For displaced, misplaced, and nostalgic ex-Bronxites

Bronx House, Social Workers and a Poor Bronx Kid


by Judge Sol Gothard

I

n 1940, I was nine years old. I lived with just my mother at 494 Claremont Parkway, across the street from the southernmost start of Bathgate Avenue. At the end of the block and across the street was P.S.42, where I went from grades 1 through 6. Three blocks away was Bronx House. My mother applied for a scholarship and I was awarded a scholarship for a two-week stay at Camp Bronx House.

On a warm summer's day in late June, at 7am, three school busses were lined up on Washington Avenue. On the sidewalk, I lined up among 150 youngsters ages 6 through 16, all waiting to begin our two-week adventure. In addition to the counselors who would accompany us, there was a nurse who scanned the children for lice in their hair. Two sobbing children were refused a place on the bus. The nurse patiently explained to their distraught mothers that this condition was contagious, but that hopefully these little girls could go on the next trip, two weeks hence.

The busses started; one block south to Claremont Parkway, west to the Grand Concourse then north to Highway 22 up to the camp in Copake N.Y. My adventure and life-changing experiences were about to begin with my introduction to Bronx House and Camp Bronx House.

A few hours later, the busses arrived at the beautiful country site of the camp in the Berkshire Mountains, near the tri-corner where New York, Connecticut, and Massachusetts converge. At camp we were greeted by the counselors with the song that I later heard in many other camps:

We welcome you to Camp Bronx House,
We're mighty glad you're here.
We'll set the air reverberating,
With a mighty cheer, rah rah.
We'll sing you in, we'll sing you out,
For you we'll raise a mighty shout.
Hail, hail, the gang's all here,
And you're welcome to Camp Bronx House.

It was the happiest two weeks of my young life. No rantings from a physically abusive father, no roaches or mice running under my bed, no shortage of food. Instead, cleanliness, good food, the fresh air of the country and the valleys and mountains close by; swimming in a lake, close exposure to children similar to me and to many others different from me, mind-enhancing activities and, most important, nice, pleasant, interested adults who cared for and taught me. We learned square and round dancing, (no city dancing or popular songs were encouraged); the sign alphabet of the deaf, American folk and bluegrass music , and the songs and dances of many nations of Africa, Israel, and others. I continued going to the camp every summer for the next 11 years as a camper, kitchen staff, junior counselor and eventually as a counselor.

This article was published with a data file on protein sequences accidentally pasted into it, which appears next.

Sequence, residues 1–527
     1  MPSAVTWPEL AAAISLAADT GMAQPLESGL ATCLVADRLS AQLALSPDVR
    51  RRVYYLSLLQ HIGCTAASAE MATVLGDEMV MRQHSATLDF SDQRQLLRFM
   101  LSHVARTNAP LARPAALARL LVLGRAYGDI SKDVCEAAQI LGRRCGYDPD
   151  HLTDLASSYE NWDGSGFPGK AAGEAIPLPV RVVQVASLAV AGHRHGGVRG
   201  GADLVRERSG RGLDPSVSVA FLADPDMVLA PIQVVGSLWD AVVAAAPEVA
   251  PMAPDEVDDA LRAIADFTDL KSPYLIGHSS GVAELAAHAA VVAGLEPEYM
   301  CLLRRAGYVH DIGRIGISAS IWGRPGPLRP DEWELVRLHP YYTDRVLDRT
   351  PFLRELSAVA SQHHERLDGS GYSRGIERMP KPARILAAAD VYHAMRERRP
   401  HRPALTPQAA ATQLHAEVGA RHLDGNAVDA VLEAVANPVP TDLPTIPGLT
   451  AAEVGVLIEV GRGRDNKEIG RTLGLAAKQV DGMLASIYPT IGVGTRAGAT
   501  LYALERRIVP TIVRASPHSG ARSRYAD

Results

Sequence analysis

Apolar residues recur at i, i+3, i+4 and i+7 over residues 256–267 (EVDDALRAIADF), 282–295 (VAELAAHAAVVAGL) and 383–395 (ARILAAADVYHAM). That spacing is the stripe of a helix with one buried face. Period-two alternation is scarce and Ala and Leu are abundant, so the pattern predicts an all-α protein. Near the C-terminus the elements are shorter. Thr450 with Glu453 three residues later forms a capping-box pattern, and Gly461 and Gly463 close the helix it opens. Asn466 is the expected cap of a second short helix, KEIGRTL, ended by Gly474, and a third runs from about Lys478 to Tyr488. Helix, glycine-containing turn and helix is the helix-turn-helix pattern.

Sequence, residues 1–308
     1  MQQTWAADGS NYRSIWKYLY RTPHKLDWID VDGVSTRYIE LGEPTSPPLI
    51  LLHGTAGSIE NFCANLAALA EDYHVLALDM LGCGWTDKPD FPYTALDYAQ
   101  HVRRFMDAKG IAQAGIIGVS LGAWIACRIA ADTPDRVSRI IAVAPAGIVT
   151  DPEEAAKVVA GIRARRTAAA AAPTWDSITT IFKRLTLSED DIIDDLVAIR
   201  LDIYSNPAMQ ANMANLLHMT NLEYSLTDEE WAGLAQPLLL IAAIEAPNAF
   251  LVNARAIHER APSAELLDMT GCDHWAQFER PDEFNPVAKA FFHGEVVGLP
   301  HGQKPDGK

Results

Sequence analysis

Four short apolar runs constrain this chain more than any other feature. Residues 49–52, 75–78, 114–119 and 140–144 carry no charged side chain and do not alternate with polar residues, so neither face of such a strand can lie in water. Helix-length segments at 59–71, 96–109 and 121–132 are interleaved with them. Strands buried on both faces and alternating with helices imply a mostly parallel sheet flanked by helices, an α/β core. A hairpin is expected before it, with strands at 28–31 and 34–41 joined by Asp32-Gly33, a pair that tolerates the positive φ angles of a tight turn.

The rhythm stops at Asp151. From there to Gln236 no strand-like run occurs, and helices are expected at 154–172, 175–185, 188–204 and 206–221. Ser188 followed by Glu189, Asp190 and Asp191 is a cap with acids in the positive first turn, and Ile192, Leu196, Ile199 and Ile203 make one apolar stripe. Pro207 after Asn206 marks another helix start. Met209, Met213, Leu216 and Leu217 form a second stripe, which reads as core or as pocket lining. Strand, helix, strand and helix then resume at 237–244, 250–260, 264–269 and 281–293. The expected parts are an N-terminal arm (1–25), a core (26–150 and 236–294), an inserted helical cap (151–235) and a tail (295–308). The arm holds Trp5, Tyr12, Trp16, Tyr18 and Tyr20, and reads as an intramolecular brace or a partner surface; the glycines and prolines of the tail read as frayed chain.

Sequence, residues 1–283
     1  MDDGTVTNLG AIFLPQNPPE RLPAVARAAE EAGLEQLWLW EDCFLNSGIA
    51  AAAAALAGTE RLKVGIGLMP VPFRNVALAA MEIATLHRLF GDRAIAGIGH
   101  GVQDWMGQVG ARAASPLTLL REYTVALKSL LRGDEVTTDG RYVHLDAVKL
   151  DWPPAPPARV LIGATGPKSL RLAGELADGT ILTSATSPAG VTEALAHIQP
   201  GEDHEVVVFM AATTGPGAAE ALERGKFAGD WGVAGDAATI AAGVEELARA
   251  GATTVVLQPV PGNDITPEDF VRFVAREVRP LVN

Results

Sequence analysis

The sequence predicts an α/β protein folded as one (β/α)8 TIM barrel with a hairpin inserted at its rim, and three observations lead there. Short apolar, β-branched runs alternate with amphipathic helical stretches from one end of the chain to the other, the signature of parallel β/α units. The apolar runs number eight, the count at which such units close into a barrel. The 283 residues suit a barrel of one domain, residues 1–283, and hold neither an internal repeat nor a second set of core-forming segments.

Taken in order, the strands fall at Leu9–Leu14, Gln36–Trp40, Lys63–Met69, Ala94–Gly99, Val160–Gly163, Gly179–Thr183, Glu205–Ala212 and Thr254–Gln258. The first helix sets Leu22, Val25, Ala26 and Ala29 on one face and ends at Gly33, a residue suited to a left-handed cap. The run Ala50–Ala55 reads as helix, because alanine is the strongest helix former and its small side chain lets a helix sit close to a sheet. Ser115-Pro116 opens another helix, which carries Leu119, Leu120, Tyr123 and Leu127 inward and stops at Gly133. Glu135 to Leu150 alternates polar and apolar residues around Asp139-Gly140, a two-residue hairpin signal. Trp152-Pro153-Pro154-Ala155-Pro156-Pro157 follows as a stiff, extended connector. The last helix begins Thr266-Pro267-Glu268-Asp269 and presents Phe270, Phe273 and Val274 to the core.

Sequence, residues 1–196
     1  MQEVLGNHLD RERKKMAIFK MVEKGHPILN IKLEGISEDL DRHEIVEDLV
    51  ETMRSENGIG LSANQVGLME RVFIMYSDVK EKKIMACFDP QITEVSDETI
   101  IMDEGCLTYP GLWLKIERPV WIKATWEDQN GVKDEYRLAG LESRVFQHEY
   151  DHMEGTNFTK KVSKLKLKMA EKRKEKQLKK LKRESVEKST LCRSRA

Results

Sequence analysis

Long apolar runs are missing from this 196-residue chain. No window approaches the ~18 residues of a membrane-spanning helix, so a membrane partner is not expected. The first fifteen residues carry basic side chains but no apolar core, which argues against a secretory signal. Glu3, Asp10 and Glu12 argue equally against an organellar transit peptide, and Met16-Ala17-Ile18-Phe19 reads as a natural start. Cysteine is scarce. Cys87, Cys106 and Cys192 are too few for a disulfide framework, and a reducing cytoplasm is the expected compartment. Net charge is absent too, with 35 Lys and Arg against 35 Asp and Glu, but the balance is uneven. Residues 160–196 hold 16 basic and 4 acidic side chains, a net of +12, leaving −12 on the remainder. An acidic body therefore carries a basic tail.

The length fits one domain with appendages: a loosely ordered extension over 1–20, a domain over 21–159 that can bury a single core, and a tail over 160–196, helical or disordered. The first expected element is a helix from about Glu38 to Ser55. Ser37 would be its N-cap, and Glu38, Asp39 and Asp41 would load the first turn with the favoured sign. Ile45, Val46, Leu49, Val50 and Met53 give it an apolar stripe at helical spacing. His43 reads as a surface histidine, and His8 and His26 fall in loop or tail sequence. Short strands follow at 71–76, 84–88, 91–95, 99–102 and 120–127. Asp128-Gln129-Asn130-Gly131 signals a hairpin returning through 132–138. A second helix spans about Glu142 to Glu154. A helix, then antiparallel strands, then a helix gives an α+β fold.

While the majority of the campers and staff were working class Jews, there were always campers of other religions and races (as in Bronx House), some referrals from the Jewish Board of Guardians of children with emotional or behavioral problems, and some deaf children. More was gained by all of us in two weeks of camping than in a whole year at a community center.

In 1944, after five years of camp and 14 years old, a friend from Junior High School brought me to Bronx House and I was accepted into one of the social clubs there called the Cheyennes. I was short, not good at basketball (a severe handicap in my Bronx), not possessing many feelings of self-worth, yet doing okay in school. I have often noticed that many people who don't have pride in themselves try to get recognition by being a smart ass. That surely was me. The only reason the Cheyennes let me join them had been at the behest of my friend and the intervention of a social worker at Bronx House who knew me from camp.